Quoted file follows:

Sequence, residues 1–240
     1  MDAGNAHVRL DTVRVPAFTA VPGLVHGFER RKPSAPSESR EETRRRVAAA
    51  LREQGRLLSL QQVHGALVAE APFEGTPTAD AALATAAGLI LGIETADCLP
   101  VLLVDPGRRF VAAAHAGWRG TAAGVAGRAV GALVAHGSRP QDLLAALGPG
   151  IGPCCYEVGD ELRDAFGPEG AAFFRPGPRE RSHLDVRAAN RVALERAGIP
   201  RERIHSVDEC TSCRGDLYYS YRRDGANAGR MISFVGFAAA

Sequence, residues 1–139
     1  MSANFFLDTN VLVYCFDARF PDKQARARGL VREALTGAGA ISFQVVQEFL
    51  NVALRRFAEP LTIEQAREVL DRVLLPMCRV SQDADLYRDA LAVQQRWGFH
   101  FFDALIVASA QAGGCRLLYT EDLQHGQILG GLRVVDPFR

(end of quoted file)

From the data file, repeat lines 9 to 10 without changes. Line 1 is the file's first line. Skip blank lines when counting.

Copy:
    51  NVALRRFAEP LTIEQAREVL DRVLLPMCRV SQDADLYRDA LAVQQRWGFH
   101  FFDALIVASA QAGGCRLLYT EDLQHGQILG GLRVVDPFR